Jeremy always had a knack for music.  He remembers rhythmically beating on pots and pans as a toddler.  When he was 7 years-old, Santa Claus brought him a “Fraggle Rock” drum set – a child-sized, working drum kit, with Jeremy’s favorite Muppets shown on the bass drum!  

While these seem like humble beginnings, Jeremy already was on a trajectory toward musical greatness.  He never had formal lessons and didn’t need them.  He rose from being first chair in junior high, to jamming with garage bands in high school.  By his early 20’s, Jeremy played with a local rock band whose popularity took it to towns up and down the Mississippi River.  Sadly, his musical career was derailed by drugs.

In Jeremy’s mind, being a member of CORE’s band today is a great blessing.  When given the opportunity to play, Jeremy says, “I was grateful and cherished it.  I still do.”  In our humble opinion, his performances are central to the band’s pulsating energy, a conduit of raw power.  His drumsticks seem to blur in a whirlwind of controlled chaos, yet his limbs move with precision and dynamic athleticism.  Each rhythmic crash of his cymbals sends the crowd into excitement, mesmerized by sound, movement, and spectacle alike.  

It’s a pity we don’t have an actual pic of Jeremy performing, because it’s really something.  Happily, our graphic artist has been kind enough to make a fun facsimile that gives Readers a mental picture.  He looks something like this:

A Christmas Wish from CORE

A Christmas Wish from CORE

Christmas, the season of hope, invites us to revel in the spirit of joy and cheer that warms our hearts.

This festive time reminds us that God bestowed a supreme gift upon all humanity some two thousand years ago.  It was the arrival of a very special baby named Jesus, wrapped in cloths and nestled in a manger.   We readily envision the parents watching over the newborn, accompanied by humble shepherds and gentle animals sharing the stable.  We immerse ourselves in the coziness of the scene by identifying with the baby’s mother, who treasures and ponders everything in her heart.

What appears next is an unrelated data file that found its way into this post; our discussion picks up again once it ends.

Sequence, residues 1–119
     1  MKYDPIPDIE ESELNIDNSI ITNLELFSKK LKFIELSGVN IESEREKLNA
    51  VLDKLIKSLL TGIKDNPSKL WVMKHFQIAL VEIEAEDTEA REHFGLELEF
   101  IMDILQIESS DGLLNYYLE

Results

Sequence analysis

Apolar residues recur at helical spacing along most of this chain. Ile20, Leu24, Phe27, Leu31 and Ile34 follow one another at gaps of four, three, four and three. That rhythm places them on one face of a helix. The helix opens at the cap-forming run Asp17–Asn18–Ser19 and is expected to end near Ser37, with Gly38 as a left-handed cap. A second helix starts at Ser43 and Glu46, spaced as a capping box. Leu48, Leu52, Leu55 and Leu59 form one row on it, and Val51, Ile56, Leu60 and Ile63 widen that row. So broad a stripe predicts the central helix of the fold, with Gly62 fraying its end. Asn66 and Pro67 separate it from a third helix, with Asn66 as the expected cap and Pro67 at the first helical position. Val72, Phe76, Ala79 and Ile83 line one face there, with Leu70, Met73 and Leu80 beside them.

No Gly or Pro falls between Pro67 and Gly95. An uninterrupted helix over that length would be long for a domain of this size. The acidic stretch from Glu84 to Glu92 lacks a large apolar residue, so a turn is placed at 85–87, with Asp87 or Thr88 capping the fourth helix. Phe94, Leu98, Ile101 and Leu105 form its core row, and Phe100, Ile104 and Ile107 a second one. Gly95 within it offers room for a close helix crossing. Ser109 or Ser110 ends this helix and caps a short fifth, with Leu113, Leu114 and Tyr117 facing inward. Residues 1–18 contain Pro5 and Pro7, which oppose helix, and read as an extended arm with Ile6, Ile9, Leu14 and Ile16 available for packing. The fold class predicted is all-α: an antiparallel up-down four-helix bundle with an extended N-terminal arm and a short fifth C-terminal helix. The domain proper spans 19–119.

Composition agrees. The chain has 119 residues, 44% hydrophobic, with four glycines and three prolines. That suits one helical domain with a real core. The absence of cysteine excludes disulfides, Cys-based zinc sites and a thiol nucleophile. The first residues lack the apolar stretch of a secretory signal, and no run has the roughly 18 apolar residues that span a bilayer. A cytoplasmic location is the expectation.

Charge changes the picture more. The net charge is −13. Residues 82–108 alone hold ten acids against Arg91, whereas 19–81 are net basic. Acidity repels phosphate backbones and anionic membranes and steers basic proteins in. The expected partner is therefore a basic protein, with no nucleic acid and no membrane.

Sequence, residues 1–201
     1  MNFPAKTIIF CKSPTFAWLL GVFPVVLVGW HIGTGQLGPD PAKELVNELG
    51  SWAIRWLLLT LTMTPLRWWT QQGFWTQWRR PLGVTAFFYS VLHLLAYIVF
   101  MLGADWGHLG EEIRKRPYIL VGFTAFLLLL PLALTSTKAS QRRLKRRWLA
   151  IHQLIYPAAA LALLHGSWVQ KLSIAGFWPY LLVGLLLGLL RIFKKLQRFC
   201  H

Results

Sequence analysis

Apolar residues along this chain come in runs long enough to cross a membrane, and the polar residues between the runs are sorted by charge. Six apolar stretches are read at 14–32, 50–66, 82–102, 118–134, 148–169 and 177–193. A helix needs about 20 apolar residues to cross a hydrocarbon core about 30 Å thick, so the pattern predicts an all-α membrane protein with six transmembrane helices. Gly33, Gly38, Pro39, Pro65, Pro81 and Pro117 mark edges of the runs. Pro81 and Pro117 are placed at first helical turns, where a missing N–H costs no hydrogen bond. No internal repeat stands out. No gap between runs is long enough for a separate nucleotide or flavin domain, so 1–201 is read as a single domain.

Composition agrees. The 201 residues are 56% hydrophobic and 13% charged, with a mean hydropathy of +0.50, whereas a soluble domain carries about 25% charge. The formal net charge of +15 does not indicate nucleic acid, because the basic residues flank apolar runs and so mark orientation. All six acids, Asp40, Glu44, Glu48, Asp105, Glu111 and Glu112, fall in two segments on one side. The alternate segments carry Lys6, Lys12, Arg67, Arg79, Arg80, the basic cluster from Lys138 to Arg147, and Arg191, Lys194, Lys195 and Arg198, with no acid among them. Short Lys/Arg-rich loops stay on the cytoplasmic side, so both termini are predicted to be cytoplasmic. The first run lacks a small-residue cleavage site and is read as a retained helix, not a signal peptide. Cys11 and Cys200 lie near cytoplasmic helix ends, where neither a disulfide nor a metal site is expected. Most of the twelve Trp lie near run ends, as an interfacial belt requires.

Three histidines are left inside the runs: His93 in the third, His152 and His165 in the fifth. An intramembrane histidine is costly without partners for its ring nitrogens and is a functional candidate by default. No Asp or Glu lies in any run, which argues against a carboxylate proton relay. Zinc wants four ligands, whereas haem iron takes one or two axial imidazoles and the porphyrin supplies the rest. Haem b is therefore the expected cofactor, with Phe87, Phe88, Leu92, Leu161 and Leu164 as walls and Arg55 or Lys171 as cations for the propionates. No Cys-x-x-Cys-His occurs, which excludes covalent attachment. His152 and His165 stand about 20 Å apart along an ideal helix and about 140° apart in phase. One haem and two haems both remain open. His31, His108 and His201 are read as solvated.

The nativity scene is much more than simply a miraculous, heartwarming historical moment.  As we already know, the quiet, unassuming arrival of this baby holds a promise that surpasses the grandeur of any human achievement.  The baby is destined for greatness, and He makes everything right again.  At Christmastime, we celebrate God’s ultimate gift: Jesus came into this world to save us all, giving everyone reason for hope and joy!

At CORE, as we reflect on our many blessings, we are keenly aware that our mission is made possible only through our friends and supporters.  With heartfelt gratitude, we specially want to recognize these individuals for their commitment and belief in our cause.  Your encouragement, prayers, and generosity are the cornerstone of our success. We sincerely thank you – you’re the best! 

To those still struggling with addiction, take heart!  There is a solution for your difficulty, and you are not alone.  At CORE, we offer open arms and unwavering support to guide you on your journey to recovery and health. You are deserving of a brighter future, and we’ll help you find it.  Every member of our staff – in whom the drinking and drug problem has been solved – speaks from personal experience.  We’ll show you the solution and how it works.  

To all our readers, this Christmas season, let’s reflect on the true essence of hope.  Our real hope transcends human achievements and reaches into the depths of our souls.  It begins with a baby born in Bethlehem over two thousand years ago.

CORE wishes everyone a Merry Christmas
filled with the timeless hope and joy
that Baby Jesus brings to us all!

Robin Trotter: Making a Difference 

Robin Trotter: Making a Difference